Credit unions are awesome. Credit unions are not-for-profit, which enables them to offer high interest rates for savings accounts and low interest rates on loans. Also, they are not looking to make a profit off a customer’s mistake. Find one near you.

If you are hit with overdraft fees, there are a few things you can do.

Request that the fees be waived. Though this may or may not work (it often work with credit card fees), it is good practice to ask for extra fees to be reduced or removed.

Consider making a link to a savings account or switching to a bank that allows you to link to a savings account.

Write to your representative in congress asking for support of fair overdraft protection programs.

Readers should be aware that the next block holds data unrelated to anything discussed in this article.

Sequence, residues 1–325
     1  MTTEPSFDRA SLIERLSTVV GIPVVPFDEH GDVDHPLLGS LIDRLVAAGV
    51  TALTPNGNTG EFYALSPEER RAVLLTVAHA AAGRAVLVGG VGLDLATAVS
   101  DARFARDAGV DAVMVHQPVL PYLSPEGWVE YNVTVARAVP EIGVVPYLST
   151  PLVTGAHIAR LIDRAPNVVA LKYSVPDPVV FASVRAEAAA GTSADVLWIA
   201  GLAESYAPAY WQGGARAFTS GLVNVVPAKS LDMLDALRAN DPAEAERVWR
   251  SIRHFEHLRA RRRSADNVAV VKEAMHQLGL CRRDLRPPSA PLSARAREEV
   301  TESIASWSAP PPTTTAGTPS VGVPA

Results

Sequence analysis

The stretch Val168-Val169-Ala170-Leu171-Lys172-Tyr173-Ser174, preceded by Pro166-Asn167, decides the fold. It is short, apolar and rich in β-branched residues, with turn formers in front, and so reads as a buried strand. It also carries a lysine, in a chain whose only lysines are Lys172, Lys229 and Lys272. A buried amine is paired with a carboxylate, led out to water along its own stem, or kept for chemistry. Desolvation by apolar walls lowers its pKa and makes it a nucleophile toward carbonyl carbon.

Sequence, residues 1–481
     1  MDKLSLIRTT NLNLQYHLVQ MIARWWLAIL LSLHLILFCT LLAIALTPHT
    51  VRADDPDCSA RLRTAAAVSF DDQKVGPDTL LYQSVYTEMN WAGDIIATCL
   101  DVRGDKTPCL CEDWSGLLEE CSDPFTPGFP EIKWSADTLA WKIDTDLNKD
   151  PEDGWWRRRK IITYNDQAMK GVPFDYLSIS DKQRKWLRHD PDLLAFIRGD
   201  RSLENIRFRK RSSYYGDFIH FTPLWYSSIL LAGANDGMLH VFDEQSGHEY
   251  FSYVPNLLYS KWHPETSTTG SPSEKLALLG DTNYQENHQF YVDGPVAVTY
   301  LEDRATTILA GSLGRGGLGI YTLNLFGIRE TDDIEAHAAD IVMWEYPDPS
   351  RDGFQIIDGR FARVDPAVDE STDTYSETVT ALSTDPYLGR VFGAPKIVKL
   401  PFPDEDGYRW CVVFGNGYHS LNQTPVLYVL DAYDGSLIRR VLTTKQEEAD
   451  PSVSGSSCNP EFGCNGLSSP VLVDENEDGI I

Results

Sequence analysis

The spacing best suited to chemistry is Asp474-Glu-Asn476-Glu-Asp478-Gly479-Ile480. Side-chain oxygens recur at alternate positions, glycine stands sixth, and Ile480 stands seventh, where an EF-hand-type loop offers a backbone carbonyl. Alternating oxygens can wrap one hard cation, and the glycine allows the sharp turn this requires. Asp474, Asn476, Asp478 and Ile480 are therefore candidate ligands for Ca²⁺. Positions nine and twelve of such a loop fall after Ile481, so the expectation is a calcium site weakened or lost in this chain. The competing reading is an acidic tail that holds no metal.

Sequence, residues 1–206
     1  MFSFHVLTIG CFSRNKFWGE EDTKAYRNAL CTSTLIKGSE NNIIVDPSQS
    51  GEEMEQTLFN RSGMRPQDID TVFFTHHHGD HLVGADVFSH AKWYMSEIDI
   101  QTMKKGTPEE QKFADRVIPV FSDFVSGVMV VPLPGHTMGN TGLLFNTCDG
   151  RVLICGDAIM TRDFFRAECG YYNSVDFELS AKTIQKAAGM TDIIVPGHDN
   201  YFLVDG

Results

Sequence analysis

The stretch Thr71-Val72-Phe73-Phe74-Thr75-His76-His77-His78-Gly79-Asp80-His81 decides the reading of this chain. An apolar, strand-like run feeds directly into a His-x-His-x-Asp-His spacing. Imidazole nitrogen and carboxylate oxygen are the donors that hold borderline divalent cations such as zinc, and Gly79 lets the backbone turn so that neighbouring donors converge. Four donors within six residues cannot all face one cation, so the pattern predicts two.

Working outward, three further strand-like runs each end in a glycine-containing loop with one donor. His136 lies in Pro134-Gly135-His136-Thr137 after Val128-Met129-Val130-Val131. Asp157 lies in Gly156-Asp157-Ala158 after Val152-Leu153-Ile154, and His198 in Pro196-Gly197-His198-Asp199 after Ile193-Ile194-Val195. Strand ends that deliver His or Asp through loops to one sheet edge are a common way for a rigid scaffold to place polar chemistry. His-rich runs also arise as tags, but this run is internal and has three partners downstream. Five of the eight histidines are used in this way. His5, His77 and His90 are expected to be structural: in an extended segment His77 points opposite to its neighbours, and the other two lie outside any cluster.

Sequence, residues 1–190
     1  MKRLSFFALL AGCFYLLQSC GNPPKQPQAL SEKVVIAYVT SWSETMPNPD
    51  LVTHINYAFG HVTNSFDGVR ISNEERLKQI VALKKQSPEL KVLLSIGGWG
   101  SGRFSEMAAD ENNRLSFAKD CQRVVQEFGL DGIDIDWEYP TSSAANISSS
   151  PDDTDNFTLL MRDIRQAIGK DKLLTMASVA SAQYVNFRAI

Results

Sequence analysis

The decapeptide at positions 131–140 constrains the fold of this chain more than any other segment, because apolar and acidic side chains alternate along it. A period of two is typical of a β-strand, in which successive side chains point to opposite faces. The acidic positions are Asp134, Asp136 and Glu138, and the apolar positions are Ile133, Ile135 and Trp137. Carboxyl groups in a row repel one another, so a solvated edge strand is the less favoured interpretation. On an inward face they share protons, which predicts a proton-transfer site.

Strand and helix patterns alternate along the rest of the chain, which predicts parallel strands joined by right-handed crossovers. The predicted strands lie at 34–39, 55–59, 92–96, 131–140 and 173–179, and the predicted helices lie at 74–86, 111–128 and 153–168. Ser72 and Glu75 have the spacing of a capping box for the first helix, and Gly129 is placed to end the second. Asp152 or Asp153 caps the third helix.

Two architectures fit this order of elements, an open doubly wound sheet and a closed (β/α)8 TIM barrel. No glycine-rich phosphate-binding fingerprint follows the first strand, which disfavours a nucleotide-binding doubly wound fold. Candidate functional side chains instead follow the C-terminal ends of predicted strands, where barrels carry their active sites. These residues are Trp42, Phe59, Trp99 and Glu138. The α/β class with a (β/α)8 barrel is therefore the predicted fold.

July 30, 2008

Bigger is better

Filed under: productivity — by moneytolive @ 5:00 am
Tags: ,

Bigger is better … at least when it comes to monitors.

Studies have shown that people are more productive when using larger monitors or two monitors at once, especially at tasks that keep multiple windows open (read about this in the NYT and WSJ)

Just last week I visited a friend at her office, and she showed off her new second monitor. Since she builds webpages, her boss got her another monitor so that she can work faster.

If you are looking for a new workstation set-up, two medium-size monitors might be cheaper than one larger monitor.

I write these posts on a 17″ MacBook Pro. It is a lot easier to write with this laptop than on my old 13″ iBook. I can keep a WordPress tab open in one Firefox window and in another window my list of ideas for posts in Google Docs.